There’s a well-known French saying that goes like: “With every misfortune comes good fortune”. Every industry faces challenges that must be overcome to survive and prosper. The property industry is no different, and it has certainly had its fair share of challenges. This thriving industry was first battered by the drought which started six years ago. The entire local economy was affected, with doomsday talk of Day Zero, the day when all taps would run dry.
Drought followed by Pandemic
This three-year drought proved a real blow for all businesses, not least in the property sector. By 2018, rains had returned, and businesses gradually started to return to solvency. However, by early 2020, new storm clouds were gathering on the horizon with talk of a dreaded virus. In March 2020, just when Capetonians thought the water crisis was safely behind them, Covid-19 was declared a global pandemic. Lockdown followed almost immediately. While the property sector may have weathered the drought, this pandemic threatened to sink the entire local and global economy. Property turned from a seller’s to a buyer’s market virtually overnight and a struggle to survive ensued.
Innovation as a Survival Strategy
As the Covid storm raged, the property industry, including buyers and sellers, battened down the hatches, and all sectors did their best to ride out the storm. Job losses, reduced incomes, and lower salaries became the norm. What ensued, was the paralysis of the housing market and related sectors, affecting homeowners, landlords, tenants, lawyers, deeds office and the banks. The rug had been pulled from beneath everyone’s feet, leaving virtually no room for manoeuvrability.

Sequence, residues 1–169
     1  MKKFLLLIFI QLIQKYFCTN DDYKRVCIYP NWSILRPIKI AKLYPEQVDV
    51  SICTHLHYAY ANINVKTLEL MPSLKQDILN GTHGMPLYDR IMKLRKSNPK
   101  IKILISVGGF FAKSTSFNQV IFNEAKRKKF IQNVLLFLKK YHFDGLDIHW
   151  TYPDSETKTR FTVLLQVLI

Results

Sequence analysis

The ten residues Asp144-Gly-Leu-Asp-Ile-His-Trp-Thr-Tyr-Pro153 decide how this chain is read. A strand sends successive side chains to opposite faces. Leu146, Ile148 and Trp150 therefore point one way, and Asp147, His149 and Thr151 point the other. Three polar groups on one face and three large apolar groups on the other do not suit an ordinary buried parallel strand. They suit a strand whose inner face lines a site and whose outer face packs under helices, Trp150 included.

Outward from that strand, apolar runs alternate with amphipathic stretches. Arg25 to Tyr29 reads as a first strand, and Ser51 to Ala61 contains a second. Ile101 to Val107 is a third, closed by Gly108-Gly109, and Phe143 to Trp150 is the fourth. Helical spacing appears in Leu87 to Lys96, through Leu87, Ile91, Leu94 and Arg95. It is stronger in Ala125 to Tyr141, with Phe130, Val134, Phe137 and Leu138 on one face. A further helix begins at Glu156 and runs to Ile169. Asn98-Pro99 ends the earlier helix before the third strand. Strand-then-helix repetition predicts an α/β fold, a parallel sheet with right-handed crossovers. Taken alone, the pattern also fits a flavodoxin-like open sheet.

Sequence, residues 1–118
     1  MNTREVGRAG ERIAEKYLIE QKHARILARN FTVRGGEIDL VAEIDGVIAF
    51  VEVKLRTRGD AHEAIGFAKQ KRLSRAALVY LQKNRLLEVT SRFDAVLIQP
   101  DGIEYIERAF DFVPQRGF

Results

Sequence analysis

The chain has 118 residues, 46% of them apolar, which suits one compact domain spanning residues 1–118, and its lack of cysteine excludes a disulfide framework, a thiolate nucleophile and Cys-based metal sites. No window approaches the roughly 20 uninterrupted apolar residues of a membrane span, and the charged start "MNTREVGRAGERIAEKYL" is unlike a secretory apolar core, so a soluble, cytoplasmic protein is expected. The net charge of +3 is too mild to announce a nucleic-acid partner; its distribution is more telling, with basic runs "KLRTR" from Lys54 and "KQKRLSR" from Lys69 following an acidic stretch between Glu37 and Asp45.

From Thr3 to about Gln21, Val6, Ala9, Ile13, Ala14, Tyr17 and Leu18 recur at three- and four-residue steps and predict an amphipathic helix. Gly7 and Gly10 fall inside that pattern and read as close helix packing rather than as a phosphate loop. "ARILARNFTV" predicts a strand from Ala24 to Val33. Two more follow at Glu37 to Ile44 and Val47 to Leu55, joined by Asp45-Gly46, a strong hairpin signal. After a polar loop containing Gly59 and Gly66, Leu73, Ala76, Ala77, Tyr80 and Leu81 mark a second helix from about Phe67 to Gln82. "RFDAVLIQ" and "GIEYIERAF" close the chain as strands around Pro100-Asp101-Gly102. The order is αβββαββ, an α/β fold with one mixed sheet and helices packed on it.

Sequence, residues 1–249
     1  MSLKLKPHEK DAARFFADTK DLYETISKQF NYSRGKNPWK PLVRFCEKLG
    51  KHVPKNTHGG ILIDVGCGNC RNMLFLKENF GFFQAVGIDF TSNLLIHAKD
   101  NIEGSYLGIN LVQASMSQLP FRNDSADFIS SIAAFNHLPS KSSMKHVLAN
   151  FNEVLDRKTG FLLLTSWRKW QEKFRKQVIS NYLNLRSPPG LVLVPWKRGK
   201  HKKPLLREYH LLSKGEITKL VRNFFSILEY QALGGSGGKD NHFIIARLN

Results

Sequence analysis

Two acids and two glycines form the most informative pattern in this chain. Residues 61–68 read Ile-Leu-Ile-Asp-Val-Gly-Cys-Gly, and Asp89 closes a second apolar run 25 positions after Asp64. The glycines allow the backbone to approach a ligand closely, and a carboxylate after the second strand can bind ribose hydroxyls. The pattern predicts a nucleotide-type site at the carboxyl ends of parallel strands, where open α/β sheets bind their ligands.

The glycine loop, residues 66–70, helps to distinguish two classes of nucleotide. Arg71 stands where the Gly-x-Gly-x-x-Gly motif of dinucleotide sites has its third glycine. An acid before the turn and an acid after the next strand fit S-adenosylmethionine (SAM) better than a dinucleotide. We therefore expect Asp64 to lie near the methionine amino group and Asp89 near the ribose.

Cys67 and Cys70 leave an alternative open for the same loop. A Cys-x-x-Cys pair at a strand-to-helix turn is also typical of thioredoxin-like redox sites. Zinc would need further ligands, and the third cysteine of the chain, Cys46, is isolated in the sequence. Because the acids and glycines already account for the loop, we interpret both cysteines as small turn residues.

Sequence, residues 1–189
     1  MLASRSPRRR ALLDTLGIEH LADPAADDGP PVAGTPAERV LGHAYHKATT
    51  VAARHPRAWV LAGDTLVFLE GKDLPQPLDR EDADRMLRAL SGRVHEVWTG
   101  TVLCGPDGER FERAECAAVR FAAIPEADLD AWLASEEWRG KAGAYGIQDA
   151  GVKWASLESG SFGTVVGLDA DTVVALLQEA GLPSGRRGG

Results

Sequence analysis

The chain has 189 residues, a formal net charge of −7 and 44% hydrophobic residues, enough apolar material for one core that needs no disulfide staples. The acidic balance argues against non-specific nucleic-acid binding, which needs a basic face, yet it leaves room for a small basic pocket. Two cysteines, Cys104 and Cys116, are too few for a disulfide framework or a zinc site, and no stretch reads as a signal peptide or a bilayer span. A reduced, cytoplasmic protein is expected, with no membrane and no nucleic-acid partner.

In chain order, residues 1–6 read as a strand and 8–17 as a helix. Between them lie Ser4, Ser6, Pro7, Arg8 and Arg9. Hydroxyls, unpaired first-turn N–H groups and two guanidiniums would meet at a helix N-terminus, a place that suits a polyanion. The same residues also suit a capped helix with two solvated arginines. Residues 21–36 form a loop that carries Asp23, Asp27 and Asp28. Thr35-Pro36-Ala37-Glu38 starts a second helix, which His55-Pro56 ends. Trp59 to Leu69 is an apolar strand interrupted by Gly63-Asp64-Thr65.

Misfortune turns to Good Fortune
One example of how to turn misfortune into good fortune. He knew that no aid would be forthcoming, as with the water crisis. Given his limited resources, and negligible overdraft facilities, he realised a survival strategy had to be devised. The most important component of his enterprise was his personnel, including several family members. He suspended all outstanding office rental and other payments but opted to keep paying wages and salaries for as long as he could.
With sales non-existent, Harold was forced to reduce his worker’s incomes and consolidate his other businesses such as his restaurant. With a limited overdraft and short-term liquidity, the challenges were clear. Communication was key, and Harold conducted meetings and negotiations with various landlords regarding rentals. He realised they were all in the same boat, and through regular communication, they granted him leeway, allowing him to continue his operations for the duration of the lockdown.
A Break in the Clouds
When the first major lockdown began to ease, Harold’s several websites and property portals started to receive a stream of enquiries from prospective buyers requesting viewings and information. Like the Chinese characters, he realised that crisis and opportunity were two sides of the same coin. After an urgent Zoom management meeting, the Jawitz team decided to segment their stock into two basic categories.
- Urgent sellers
- Empty homes where sellers were not in residence or had already emigrated, presented no health risks. In this case, agents would unlock the home, remain in the car allowing potential buyers to view the property in safety. Before locking up and leaving, the home would be filmed to create a virtual showhouse to show other potential buyers.
Despite the Covid limitations, he knew that their future survival would be assured, provided his team grasped the opportunity for future sales. Members of his team pooled their talents, promoting sales, and using a creative combination of promotional tools. These included websites, high-level photography, drone technology, and virtual video tours of the properties on offer. Given the Internet’s global reach, another benefit of virtual videography and digital marketing was that overseas buyers with capital began to respond. These buyers could see that this area of the Cape was a treasure trove of natural beauty, offering good value, especially with international currencies. Increased market share and rising sales were proof that this strategy was working.